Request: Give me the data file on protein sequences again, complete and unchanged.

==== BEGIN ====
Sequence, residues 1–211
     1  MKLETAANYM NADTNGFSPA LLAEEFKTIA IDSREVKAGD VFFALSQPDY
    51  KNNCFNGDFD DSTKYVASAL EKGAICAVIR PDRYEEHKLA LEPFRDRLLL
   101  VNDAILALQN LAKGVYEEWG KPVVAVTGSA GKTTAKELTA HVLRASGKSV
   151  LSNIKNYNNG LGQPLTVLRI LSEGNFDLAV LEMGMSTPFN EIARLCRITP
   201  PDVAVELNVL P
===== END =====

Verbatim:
Sequence, residues 1–211
     1  MKLETAANYM NADTNGFSPA LLAEEFKTIA IDSREVKAGD VFFALSQPDY
    51  KNNCFNGDFD DSTKYVASAL EKGAICAVIR PDRYEEHKLA LEPFRDRLLL
   101  VNDAILALQN LAKGVYEEWG KPVVAVTGSA GKTTAKELTA HVLRASGKSV
   151  LSNIKNYNNG LGQPLTVLRI LSEGNFDLAV LEMGMSTPFN EIARLCRITP
   201  PDVAVELNVL P